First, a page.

While cooking, listen to this: Missing You by Ingrid Michaelson
When I first moved to New York City, a feat I never in a million years thought I’d choose to do, I was terrified. Not just because I didn’t know many people in the city, but also because New York felt so massive and full of crazy people who talk to their hands and shout at strangers on the subway.
My great aunt has lived in this city since she was 20, first attending Barnard, then getting a law degree at Columbia (one of the first women to do so), then working for the ACLU, and eventually, getting herself appointed to the bench as a New York City justice. She’s seen this city cycle through its best and its worst both from the street and the bench.
I moved to New York, completely rattled by the insane process of renting an apartment, intimidated by the twisting turns of the subway line, and reeling from an insane sense of imposter syndrome. And so, my great aunt took me under her wing, let me live with her for a month before my apartment lease started, and gently prodded me on my way to becoming the high-powered city girl I am now (lol).
We developed a closeness that’s hard to explain. Even though I don’t see her as often now, I adore our time together and feel at home when I’m in her lovely apartment. Once, I was having an especially rough Sunday - work drama was piling up, the water in my building was shut off because of a main break and I was quickly running out of clean clothes. Without thinking twice, she offered I stay at her place for as long as I needed. That night, as I laid on the blow-up mattress in her den (which was once my room), I felt comforted by the familiarity of her place. It made an especially rough few weeks a little easier.
My aunt is always discovering new fun restaurants in Greenwich Village, where she lives, and her latest discovery is a dry pot Szechuan restaurant that hails all the way from Flushing. The place has every kind of add-in imaginable from chicken feet to tripe, and while we, of course, always order a dry pot stir fry to share, we also get these magical little cucumbers, doused in chili oil.
I knew from the second I had my first bite that Rina and I had to recreate our own version. What I didn’t realize was that it’d be insanely easy to do just that. This recipe is practically mindless - all you have to do is chop and smash the cucumbers, throw them together in a bowl with some vinegars and sauces and load on the red chili flakes. Easy. And addicting. Score one for my great aunt who knows a good spicy cucumber when she sees one, which is admirable for someone in her 80s.
So, here’s to going outside your box - whether that’s picking up and moving to the craziest city on Earth or trying something completely new for dinner. If there’s anything I’ve learned in my nearly five years of being a New Yorker its that nothing good ever happens without taking a little bit of risk. Easier said than done, of course, so maybe I’ll just start with adding some extra chili flakes to my cucumbers and seeing if I can take the heat. Care to join?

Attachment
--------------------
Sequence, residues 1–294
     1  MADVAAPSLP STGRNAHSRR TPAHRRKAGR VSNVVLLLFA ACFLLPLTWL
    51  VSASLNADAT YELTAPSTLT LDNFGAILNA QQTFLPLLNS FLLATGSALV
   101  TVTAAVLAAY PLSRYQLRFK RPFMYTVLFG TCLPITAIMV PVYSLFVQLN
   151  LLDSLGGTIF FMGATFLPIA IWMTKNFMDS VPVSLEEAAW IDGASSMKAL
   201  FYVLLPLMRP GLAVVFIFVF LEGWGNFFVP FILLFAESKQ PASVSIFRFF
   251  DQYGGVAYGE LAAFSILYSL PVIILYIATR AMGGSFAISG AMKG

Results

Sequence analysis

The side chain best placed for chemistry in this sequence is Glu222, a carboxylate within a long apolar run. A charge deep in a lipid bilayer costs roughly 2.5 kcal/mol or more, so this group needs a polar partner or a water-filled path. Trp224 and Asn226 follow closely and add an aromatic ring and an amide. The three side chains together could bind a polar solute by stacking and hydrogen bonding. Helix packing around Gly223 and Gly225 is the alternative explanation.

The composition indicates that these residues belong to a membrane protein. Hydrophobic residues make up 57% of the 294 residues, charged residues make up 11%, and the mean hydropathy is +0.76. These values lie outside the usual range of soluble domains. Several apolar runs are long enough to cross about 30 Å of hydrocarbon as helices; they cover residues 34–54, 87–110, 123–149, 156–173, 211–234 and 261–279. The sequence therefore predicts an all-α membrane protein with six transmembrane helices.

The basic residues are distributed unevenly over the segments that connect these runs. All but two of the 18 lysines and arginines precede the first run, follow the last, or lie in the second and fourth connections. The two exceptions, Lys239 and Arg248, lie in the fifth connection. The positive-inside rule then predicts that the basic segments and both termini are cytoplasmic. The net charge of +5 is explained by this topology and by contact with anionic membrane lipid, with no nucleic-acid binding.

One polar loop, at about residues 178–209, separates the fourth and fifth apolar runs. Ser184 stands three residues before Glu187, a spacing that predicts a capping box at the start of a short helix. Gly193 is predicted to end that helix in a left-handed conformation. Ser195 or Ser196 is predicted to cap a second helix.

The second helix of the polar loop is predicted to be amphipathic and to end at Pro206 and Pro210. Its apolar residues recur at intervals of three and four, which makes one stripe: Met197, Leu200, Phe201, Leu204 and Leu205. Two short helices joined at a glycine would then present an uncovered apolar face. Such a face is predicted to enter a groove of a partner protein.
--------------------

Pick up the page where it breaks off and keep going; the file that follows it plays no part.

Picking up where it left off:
SPICY SZECHUAN CUCUMBERS
Yield: 4-6 servings
Active Cook Time: 10m | Inactive Cook Time: 15-30m | Total Cook Time: 25-40m
Category: Sides, Vegan, No-Cook
Source: The New York Times
2 pounds thin-skinned cucumbers (about 8-10 mini, 4 medium or 2 large)
1 teaspoon kosher salt, plus more for cucumbers
2 teaspoons granulated sugar, plus more for cucumbers
1 ½ Tablespoons rice vinegar
2 teaspoons sesame oil
2 teaspoons soy sauce
1 Tablespoon grapeseed or extra-virgin olive oil
2 large garlic cloves, minced
Red pepper flakes, to taste
Chopped cilantro leaves
2 teaspoons white sesame seeds, toasted
Smash the cucumbers: cut the cucumbers lengthwise into 4 pieces, then cut those pieces in half. Working with one or a few at a time, lay the cucumber pieces cut-side down. Place the blade of a large knife flat on top of the cucumbers and smash down lightly with your hand. Press down until the skin starts to crack and the seeds pop out. Repeat with the remaining cucumber slices and chop into bite-sized pieces.
Strain the cucumbers: place the cucumber pieces in a strainer and toss with a big pinch of salt and a big pinch of sugar. Place a large bag of ice (or whatever is hanging in your freezer; we used bags of corn) on top of the cucumbers to weigh them down. Place in a large bowl and strain for 15-30 minutes, up to 4 hours. You can do this on your counter or in the fridge.
Make the dressing: in a small bowl combine the salt, sugar and rice vinegar. Stir until the salt and sugar are dissolved, then stir in the sesame oil and soy sauce.
Assemble! when you’re ready to serve, drain the cucumbers and shake off any excess liquid. Place in a bowl and drizzle with the grapeseed/olive oil. Add the dressing, garlic and red pepper flake and stir to completely coat. Add more seasoning to taste and serve immediately with any optional garnishes.
To keep: these will keep for a day or so, but should be eaten directly after dressing.